How much do you trust this breeder? Any idea on how she was trained before you got her? I know you said she's green...but its a big deal on how she was actually trained and not what she actually knows at this point.

She might not have high food drive...but most dogs, no matter how uncomfortable, if they have any sort of food drive will take food from anyone. What you're seeing, isn't what I witnessed with the bitch I got a month ago at 2.5...but each dog is different. Without seeing the dog in person, its really hard to tell you what's going on with her.

lawhyno 01-27-2014 09:52 PM

Thanks Colie!

@martem… My goal is to put her in sport and eventually do personal protection when she gets to the right age. I was planning on preparing her for her BH as soon as she started feeling more comfortable and our engagement was solid.
She has absolutely no training. Just some drive developing work where they let the dog chase and bite different surfaces. But no obedience or serious bite work. This is a first in every aspect for the dog.

gsdsar 01-27-2014 09:57 PM

Not to generalize too much. But the true DDR lines are late to mature. I found my male was hesitant to engage with strangers until about a year. Now he is better. Let her bond, settle, feel comfy in her home, then start texting her.


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onyx'girl 01-27-2014 09:58 PM

Did you have anyone test for your goals her before you purchased her? Most dogs that are for 'sport' are confident right out of the box and don't need to settle to take treats or tug. You do have to take it slowly, IMO and maybe utilize some of the two week shutdown exercises and NILIF to help her settle in.
Are you in a club yet? If so, there should be people that can help you evaluate her and help you with any issues she may have.

lawhyno 01-27-2014 10:19 PM

@gdsar… thanks for that. Each day she's getting a little more comfortable and slightly more engaged. It's just a very shallow gradient at the moment. At a pace this steady, 2 weeks sounds like a decent timeline.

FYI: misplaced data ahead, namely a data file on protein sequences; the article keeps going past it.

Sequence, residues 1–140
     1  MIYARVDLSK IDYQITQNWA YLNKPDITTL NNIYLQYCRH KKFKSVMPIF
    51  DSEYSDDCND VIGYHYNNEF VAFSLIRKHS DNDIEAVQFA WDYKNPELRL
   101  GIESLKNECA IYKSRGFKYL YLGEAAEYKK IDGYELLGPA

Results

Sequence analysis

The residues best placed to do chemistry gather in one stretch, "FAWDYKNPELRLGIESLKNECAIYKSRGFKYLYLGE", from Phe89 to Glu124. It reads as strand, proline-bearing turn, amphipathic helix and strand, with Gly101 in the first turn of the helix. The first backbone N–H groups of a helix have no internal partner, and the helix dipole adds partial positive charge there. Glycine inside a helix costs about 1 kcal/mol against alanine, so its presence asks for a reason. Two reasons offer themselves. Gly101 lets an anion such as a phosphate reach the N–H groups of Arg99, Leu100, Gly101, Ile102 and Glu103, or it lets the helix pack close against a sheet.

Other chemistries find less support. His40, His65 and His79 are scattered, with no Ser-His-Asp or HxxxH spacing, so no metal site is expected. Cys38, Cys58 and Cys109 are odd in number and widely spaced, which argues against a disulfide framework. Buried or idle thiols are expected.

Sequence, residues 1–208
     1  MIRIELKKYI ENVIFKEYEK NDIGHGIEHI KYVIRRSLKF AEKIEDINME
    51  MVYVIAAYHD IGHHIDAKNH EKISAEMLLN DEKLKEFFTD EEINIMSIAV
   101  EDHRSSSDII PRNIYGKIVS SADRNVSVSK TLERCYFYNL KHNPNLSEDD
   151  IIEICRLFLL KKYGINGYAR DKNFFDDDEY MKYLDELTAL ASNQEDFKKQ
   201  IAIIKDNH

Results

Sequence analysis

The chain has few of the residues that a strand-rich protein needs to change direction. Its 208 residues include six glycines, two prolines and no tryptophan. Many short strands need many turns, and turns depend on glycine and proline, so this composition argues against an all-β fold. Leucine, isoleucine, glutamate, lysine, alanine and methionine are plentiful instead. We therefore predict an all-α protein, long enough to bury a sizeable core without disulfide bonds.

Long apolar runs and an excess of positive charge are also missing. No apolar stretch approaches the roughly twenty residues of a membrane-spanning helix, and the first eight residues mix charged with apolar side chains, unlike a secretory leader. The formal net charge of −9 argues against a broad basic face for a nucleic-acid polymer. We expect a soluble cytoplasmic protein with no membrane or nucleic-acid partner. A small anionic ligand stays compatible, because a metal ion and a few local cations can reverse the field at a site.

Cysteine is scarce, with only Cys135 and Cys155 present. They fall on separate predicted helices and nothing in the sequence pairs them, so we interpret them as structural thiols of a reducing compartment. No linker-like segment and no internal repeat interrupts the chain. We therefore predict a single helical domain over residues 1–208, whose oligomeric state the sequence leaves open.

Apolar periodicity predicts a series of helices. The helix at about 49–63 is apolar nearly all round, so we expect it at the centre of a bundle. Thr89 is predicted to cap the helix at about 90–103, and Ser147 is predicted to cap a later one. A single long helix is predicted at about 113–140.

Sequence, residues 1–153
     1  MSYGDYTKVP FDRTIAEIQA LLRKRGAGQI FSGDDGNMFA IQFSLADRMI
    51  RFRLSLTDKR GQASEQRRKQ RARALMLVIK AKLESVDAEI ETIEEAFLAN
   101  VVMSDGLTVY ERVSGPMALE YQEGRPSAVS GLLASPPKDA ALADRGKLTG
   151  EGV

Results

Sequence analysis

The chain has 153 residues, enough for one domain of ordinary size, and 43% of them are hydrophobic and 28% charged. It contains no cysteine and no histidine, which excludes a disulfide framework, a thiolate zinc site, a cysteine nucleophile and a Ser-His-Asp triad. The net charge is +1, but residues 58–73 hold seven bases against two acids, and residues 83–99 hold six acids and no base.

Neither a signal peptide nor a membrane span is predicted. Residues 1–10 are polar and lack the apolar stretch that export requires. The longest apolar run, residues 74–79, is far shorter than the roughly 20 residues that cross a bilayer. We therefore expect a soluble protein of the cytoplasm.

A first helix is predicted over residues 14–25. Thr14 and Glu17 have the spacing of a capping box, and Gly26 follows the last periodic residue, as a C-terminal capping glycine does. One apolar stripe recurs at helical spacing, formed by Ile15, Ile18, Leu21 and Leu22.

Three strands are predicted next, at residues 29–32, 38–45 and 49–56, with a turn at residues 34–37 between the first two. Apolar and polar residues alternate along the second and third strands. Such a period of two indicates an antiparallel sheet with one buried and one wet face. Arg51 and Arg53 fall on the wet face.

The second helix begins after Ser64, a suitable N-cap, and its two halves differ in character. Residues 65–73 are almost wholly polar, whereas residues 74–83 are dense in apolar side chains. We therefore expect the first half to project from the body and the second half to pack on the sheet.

@onyxgirl… the breeder was a referral from someone I trust. They are reputable and I have a friend who has a relative of my dog who is a very solid sport/protection dog. I would say she's confident so far. She hasn't ran away from anything. She has been a little timid around strange things, but she is moving foreword towards the things that are obviously alien to her. She was accustomed to acres of deep woods and creeks so being in Los Angeles brings a completely different environment (noises, weather, agriculture) and she's sniffing at everything from a table to a shovel to the bbq and the air conditioning unit. She saw her reflection in the french doors and started barking with hackles raised… but that's about the only stressful thing she's experienced so far.

lawhyno 01-27-2014 10:33 PM

@onyxgirl… two week shutdown was a great article. Thanks for that.

Blitzkrieg1 01-27-2014 11:48 PM

I personally have some patients for a pup but a 1 year old that came to me the way your describing for PP or sport would be returned.

If she is just for club level sport and your not particular about the PP part of it then Im sure she will work out just fine if you have a decent decoy once she settles in.

I have a personal aversion to nervy dogs and if I felt like I was being taken after paying good money for a decent dog I would blow a gasket.
Its a tough thing, there are so many people that will sell you a crock of nonsense.

The major danger in buying green dogs is you wonder why the dog is really being sold. Why did the breeder/trainer keep the dog then decide to sell it at 6month to a year. Is it because the dog is not what they were hoping for in terms of nerves, drive etc? If you cant see the dog in person and take the dog off property and somewhere unfamiliar you never really know.